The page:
The venom of the South African scorpion Parabuthus transvaalicus was characterized using a combination of mass spectrometry and RP-HPLC separation and bioassays. The crude venom was initially separated into 10 fractions. A novel, moderately toxic but very high abundance peptide (birtoxin) of 58 amino-acid residues was isolated, identified and characterized. Each purification step was followed by bioassays and mass spectroscopy. First a C4 RP-HPLC column was used, then a C18 RP Microbore column purification resulted in >95% purity in the case of birtoxin from a starting material of 230 μg of crude venom. About 12-14% of the D214 absorbance of the total venom as observed after the first chromatography step was composed of birtoxin. This peptide was lethal to mice at low microgram quantities and it induced serious symptoms including tremors, which lasted up to 24 h post injection, at submicrogram amounts. At least seven other fractions that showed different activities including one fraction with specificity against blowfly larvae were identified. Identification of potent components is an important step in designing and obtaining effective anti-venom. Antibodies raised against the critical toxic components have the potential to block the toxic effects and reduce the pain associated with the scorpion envenomation. The discovery of birtoxin, a bioactive long chain neurotoxin peptide with only three disulfide bridges, offers new insight into understanding the role of conserved disulfide bridges with respect to scorpion toxin structure and function.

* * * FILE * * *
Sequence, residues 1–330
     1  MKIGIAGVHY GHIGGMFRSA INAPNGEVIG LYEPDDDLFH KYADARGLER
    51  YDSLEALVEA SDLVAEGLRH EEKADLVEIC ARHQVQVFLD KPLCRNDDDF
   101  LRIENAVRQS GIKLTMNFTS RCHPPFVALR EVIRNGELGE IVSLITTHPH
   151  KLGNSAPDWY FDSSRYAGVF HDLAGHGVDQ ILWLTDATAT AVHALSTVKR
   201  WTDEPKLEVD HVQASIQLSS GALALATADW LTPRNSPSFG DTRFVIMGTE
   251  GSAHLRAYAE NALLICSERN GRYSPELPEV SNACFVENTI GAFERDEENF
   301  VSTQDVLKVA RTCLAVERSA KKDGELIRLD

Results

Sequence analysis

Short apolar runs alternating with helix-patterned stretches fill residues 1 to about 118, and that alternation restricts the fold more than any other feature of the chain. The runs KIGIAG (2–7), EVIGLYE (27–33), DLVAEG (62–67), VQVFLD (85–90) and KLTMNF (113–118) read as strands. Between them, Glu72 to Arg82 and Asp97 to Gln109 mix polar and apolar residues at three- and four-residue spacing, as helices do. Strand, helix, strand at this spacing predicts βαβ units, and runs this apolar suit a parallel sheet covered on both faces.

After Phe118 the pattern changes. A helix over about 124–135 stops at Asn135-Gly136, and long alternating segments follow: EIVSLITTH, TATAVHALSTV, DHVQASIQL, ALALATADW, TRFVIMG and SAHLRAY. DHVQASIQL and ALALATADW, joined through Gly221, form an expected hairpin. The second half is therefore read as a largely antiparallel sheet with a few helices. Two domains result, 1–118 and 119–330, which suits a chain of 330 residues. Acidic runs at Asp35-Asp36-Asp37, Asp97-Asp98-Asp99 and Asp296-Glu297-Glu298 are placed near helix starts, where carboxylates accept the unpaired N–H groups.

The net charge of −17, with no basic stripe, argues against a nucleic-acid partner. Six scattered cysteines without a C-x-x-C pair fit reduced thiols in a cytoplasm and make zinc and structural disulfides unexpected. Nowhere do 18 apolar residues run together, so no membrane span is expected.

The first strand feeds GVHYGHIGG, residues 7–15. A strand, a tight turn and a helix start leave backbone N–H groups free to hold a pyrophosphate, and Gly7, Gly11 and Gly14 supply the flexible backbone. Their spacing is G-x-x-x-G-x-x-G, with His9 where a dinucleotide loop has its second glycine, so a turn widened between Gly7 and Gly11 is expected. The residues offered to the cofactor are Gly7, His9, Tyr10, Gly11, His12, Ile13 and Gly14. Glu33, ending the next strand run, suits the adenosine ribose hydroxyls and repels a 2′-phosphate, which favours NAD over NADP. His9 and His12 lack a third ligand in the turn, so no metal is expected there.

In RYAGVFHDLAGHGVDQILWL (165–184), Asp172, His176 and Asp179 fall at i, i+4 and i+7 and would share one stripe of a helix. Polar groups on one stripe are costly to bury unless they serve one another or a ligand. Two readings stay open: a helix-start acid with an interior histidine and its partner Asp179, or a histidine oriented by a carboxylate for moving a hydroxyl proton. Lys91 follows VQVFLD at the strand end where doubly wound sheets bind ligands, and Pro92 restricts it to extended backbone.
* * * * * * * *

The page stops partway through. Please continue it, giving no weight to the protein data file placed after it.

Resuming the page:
- Parabuthus transvaalicus
ASJC Scopus subject areas